Group-IB, an international company that specializes in the prevention of cyber attacks, has detected massive campaigns targeting Russian financial institutions. The emails were disguised to look as if they come from the Central Bank of Russia and FinCERT, the Financial Sector Computer Emergency Response Team. Group-IB experts have discovered that the attack on 15 November could have been carried out by the hacker group Silence, and the one on 23 October by MoneyTaker. Group-IB considers both cybercriminal groups among the most dangerous to Russian and international financial organisations.
November attack: Silence
In the morning of 15 November, Group-IB detected a malicious mass email campaign sent to Russian banks from a fake email address purporting to belong to the Central Bank of Russia (CBR). Of course, the CBR does not have anything to do with the phishing campaign — the hackers faked the sender’s address. SSL certificates were not used for DKIM verification. Emails with the subject line «Information from the Central Bank of the Russian Federation» asked recipients to review the regulator’s decision «On the standardisation of the format of CBR’s electronic communications» and to immediately implement the changes. The documents in question were supposedly contained in the zipped files attached, however by uncompressing these files users downloaded Silence.Downloader — the tool used by Silence hackers.
Group-IB experts have observed that the style and format of the emails were almost identical to official correspondence from the regulator. The hackers most likely had access to samples of legitimate emails. According to Group-IB’s report published in September 2018, Silence gang members presumably were or are legally employed as pentesters and reverse engineers. As such, they are very familiar with documentation in the financial sector and the structure of banking systems.
October attack: MoneyTaker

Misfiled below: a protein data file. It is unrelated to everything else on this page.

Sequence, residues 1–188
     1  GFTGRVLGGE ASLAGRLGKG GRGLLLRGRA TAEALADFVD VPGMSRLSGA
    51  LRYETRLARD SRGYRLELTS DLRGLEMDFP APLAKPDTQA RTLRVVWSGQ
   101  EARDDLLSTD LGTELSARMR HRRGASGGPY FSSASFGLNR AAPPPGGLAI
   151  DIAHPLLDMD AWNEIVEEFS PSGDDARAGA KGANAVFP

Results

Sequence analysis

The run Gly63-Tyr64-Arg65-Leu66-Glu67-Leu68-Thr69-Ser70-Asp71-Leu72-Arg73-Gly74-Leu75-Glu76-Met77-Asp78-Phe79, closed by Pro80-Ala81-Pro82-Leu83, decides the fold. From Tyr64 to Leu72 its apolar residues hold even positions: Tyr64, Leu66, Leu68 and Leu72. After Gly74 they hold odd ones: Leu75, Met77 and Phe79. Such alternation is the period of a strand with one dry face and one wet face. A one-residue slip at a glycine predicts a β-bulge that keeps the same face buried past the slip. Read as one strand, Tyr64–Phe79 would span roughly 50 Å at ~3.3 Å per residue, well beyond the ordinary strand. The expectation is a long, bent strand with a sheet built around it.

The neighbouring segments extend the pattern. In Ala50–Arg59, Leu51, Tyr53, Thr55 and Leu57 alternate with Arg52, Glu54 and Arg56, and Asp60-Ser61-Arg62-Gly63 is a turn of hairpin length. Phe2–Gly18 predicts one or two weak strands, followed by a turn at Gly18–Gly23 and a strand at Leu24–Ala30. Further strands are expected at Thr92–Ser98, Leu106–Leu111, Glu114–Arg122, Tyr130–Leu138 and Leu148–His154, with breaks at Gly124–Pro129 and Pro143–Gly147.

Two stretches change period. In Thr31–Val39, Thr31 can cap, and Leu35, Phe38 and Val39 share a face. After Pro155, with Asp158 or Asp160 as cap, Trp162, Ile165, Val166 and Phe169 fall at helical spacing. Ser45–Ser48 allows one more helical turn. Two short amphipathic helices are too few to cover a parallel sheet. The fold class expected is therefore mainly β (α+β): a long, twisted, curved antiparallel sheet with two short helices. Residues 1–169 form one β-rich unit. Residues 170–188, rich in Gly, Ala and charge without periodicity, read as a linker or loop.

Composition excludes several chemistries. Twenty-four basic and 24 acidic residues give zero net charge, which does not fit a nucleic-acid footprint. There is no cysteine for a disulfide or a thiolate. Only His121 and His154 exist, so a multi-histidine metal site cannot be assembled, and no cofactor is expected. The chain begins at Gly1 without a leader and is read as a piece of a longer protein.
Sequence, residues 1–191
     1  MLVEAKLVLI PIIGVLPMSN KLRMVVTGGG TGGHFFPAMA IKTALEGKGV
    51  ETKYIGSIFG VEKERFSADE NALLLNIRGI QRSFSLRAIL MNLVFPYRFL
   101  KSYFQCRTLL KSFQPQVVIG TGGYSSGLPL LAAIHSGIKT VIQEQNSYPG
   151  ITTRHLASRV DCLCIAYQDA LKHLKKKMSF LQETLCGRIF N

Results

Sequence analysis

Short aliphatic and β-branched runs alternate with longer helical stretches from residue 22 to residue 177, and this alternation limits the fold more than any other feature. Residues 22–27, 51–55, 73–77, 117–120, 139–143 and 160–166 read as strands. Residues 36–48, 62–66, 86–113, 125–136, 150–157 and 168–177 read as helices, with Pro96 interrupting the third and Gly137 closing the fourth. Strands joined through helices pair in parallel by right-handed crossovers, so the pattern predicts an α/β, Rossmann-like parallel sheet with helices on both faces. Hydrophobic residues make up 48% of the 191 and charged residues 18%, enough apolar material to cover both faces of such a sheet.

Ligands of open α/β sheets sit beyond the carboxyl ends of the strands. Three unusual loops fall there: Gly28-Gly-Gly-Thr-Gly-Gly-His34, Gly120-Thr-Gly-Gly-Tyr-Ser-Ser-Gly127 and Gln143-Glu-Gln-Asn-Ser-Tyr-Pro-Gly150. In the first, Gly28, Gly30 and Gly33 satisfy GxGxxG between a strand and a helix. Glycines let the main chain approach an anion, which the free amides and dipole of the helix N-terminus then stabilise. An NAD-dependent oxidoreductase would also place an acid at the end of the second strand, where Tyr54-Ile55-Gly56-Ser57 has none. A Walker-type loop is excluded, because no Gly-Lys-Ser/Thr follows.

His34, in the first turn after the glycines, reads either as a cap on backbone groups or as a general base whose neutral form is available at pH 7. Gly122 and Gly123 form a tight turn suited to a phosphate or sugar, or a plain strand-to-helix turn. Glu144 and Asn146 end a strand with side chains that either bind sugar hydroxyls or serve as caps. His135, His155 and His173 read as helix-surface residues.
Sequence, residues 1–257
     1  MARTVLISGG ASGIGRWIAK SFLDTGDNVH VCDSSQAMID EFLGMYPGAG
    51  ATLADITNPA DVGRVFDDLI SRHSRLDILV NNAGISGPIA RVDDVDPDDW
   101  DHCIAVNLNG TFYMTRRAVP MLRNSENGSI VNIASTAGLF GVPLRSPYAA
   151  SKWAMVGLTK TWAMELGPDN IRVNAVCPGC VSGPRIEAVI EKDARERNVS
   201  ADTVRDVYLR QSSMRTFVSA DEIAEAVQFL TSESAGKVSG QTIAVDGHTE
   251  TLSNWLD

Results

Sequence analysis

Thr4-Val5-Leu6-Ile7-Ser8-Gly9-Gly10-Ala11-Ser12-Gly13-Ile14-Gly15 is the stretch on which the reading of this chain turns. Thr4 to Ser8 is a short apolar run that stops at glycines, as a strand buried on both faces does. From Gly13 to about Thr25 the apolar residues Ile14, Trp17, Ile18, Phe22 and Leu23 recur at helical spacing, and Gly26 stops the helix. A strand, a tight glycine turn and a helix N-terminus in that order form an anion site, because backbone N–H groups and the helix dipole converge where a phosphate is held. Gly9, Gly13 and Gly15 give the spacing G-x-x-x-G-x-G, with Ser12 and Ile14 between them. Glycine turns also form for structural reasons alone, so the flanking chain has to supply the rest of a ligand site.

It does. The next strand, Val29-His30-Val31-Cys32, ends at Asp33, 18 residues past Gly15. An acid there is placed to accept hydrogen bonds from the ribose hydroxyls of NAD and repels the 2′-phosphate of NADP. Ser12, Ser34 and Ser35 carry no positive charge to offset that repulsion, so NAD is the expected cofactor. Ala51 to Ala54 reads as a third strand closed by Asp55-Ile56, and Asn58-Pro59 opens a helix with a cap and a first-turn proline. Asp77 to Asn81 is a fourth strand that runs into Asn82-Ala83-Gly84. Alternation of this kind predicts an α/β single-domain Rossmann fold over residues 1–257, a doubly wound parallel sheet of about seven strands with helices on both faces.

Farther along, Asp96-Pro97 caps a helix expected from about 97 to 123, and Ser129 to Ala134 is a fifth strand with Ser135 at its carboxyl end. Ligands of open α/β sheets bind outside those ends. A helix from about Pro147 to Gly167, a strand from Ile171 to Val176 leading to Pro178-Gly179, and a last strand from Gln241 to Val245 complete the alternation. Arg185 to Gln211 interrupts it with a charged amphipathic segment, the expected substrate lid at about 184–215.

The message sent on 23 October, also from a fake FinCERT email address, contained five attachments disguised to look like official CBR documents. Among them was a document entitled «Template Agreement on Cooperation with the Central Bank of the Russian Federation on Monitoring and Information Exchange .doc». Three out of five files were empty decoy documents, but two contained a download for the Meterpreter Stager. To carry out the attack, hackers used self-signed SSL certificates. Furthermore, the server infrastructure involved had been used in the previous attacks conducted by MoneyTaker. All these factors led to the conclusion that MoneyTaker was behind the October attack.
Group-IB experts believe that hackers managed to obtain the samples of CBR documents from earlier compromised mailboxes belonging to employees of Russian banks. MoneyTaker used the information obtained to design emails and documents purporting to be from the CBR to conduct targeted attacks on banks.
A spear-phishing campaign set up to look like it was carried out by the Central Bank is a relatively widespread vector of attack among cyber criminals; it has been used by groups such as Buhtrap, Anunak, Cobalt, and Lurk. In March 2016, for example, cybercriminals sent phishing emails from firstname.lastname@example.org. As regards to genuine notifications from the Central Bank of Russia, in the past hackers from Lurk and Buhtrap used them to send malware to bank employees.
The Central Bank’s
Information and indicators of attack (IoAs) from 23 October and 15 November attacks were quickly uploaded to Group-IB Threat Intelligence, which allowed to warn Group-IB clients among Russian banks about the potential threat. Group-IB TDS (Threat Detection System) detected both phishing campaigns and signalled about the malicious activity. Group-IB system blocked this threat in inline mode.
Group-IB Head of Dynamic Analysis of malware department and threat intelligence expert